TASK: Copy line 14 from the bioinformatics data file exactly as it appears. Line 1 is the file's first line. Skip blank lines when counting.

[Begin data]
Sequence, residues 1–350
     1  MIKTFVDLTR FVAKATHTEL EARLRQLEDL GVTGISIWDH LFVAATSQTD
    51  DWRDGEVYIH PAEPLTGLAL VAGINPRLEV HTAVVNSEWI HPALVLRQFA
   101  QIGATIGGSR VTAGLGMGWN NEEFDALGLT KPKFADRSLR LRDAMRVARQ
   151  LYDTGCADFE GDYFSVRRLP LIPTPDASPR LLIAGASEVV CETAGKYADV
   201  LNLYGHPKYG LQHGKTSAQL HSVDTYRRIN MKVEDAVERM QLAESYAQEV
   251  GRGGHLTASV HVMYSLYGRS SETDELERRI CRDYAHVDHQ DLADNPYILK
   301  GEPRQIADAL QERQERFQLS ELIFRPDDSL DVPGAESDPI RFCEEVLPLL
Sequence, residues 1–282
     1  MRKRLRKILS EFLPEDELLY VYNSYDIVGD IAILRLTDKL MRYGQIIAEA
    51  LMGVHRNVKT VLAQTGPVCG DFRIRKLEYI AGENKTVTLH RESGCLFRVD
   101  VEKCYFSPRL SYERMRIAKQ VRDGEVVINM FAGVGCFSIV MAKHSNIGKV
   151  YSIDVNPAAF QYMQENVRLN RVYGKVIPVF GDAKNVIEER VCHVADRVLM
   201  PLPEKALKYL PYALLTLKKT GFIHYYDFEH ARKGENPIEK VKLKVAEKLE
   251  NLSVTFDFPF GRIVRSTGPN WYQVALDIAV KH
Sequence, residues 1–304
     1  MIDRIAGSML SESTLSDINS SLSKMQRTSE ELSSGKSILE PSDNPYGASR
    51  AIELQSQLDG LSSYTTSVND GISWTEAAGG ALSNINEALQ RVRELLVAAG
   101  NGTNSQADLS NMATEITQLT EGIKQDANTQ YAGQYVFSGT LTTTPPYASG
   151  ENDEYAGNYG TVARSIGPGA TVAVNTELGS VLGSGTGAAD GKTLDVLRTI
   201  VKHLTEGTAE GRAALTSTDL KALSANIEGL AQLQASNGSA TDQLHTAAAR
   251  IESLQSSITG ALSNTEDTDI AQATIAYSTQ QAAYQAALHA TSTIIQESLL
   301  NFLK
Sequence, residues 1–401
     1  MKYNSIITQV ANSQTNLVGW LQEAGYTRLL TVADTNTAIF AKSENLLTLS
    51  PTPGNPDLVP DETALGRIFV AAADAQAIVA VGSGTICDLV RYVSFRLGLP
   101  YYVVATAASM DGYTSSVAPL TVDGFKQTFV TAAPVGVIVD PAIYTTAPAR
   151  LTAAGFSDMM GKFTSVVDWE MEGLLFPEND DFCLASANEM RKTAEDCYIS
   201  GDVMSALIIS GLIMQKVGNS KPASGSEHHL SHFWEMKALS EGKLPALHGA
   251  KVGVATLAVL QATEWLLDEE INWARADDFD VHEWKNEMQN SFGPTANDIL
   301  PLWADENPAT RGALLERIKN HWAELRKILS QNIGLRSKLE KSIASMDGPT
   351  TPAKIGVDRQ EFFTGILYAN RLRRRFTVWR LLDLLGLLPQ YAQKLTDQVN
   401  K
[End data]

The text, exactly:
   201  PLPEKALKYL PYALLTLKKT GFIHYYDFEH ARKGENPIEK VKLKVAEKLE